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Lord Renton: My Lords, before my noble friend leaves that point, will he deal with the point made by the noble and gallant Lord, Lord Craig of Radley? In view of what my noble friend said earlier, it would seem that that point has been overtaken except that my noble friend said that there would be cases involving humanitarian relief when men would be called out not for nine months but for six months. Let us suppose, as the noble and gallant Lord, Lord Craig, said, it ceases to be a humanitarian matter but becomes an operational matter. Will it then be possible for that period of six months to be extended?

Earl Howe: My Lords, I believe that I covered that point earlier. I certainly endeavoured to do so. I mentioned that under Clause 61 there is a power which would allow individuals to be treated as if they had been called out under a different power should the circumstances of the deployment change. The point I emphasised was that that would not worsen their position were those circumstances to occur because they could be released from service under one power and then immediately called out again under the new power. That is how it would work. I believe that that answers the point that was raised.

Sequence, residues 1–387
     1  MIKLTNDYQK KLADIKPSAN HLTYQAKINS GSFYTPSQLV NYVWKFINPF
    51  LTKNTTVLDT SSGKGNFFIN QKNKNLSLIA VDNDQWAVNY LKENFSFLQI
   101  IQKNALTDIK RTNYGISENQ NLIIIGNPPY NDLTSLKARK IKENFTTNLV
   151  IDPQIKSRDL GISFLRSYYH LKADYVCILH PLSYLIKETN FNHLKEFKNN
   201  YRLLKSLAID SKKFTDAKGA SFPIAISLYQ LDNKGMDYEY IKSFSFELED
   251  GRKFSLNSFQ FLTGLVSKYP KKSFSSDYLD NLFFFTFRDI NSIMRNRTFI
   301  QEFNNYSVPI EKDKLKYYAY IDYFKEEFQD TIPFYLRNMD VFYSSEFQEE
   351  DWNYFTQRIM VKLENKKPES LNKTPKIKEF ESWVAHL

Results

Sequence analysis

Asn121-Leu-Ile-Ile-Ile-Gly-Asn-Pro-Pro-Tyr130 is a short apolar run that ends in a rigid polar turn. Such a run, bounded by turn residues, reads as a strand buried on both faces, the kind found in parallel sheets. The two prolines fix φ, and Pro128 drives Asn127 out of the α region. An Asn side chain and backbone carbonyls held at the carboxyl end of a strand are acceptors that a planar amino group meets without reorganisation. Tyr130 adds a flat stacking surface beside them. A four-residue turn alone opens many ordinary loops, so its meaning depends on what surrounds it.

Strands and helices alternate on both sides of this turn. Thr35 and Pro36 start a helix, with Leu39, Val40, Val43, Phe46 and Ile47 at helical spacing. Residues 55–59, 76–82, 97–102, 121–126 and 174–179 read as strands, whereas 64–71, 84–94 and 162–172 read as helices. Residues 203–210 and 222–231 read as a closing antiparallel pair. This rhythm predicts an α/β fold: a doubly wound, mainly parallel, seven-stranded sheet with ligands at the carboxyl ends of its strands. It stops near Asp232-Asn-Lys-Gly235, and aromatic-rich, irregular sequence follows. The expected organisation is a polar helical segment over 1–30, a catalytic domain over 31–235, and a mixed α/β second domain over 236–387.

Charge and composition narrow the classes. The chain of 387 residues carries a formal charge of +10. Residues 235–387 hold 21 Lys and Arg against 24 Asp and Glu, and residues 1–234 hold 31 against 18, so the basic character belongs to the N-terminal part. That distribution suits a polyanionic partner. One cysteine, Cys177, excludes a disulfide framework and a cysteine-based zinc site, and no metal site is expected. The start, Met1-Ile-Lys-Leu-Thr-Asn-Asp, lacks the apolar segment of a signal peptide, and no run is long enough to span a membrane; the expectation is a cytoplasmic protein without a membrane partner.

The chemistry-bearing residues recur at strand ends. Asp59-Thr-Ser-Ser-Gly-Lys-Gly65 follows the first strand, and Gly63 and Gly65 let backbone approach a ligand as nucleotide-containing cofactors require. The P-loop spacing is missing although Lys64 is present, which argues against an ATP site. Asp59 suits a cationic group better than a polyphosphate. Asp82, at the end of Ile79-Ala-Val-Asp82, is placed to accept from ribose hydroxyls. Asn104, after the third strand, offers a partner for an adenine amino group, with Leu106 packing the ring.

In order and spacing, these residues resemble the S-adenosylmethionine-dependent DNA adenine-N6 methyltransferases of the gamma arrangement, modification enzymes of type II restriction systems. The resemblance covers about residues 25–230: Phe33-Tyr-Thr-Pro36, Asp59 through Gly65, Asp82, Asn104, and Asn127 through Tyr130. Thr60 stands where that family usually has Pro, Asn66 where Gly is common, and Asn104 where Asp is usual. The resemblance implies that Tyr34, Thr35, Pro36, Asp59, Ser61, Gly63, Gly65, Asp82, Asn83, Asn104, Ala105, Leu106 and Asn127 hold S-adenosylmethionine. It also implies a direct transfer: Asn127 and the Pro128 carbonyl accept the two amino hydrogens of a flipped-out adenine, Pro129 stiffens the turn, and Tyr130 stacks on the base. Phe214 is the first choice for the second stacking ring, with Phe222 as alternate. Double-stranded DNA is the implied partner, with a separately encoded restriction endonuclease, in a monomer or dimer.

There is more I could say about the damaging impact of the six-month limit that would be imposed by the amendment. I believe that the Government's proposals carry wide support within the services, within reserve forces particularly and within the TAVRAs. I hope I have now said sufficient to persuade the noble and gallant Lord and the noble Lord, Lord Williams, not to press the amendment.

Lord Bramall: My Lords, I am most grateful for the thorough and articulate reply that the noble Earl has given on this very important subject. I am glad that we have had a good debate on the amendment. There are two sides to the argument, as the noble Lord, Lord Vivian, has made abundantly clear, including giving me a lecture on man management, which he is perfectly entitled to do.

I do not want the Government to be over-optimistic about the relish that employers and employees will have in the future about compulsory call up. As the noble Lord, Lord Callaghan, said, I do not think they should underestimate the position, particularly in the medical services, where I think the National Health Service will have strong views about letting their surgeons and anaesthetists go out to humanitarian operations overseas for too long when they have plenty of humanitarian operations to do back in their own country. I hope that the Government will be conscious of not compulsorily calling out these people for any longer than is necessary. The noble Earl gave an assurance that he had that very much in mind and that in the normal course of events six months overseas would be the maximum, the rest being taken up with some sort of mobilisation procedures.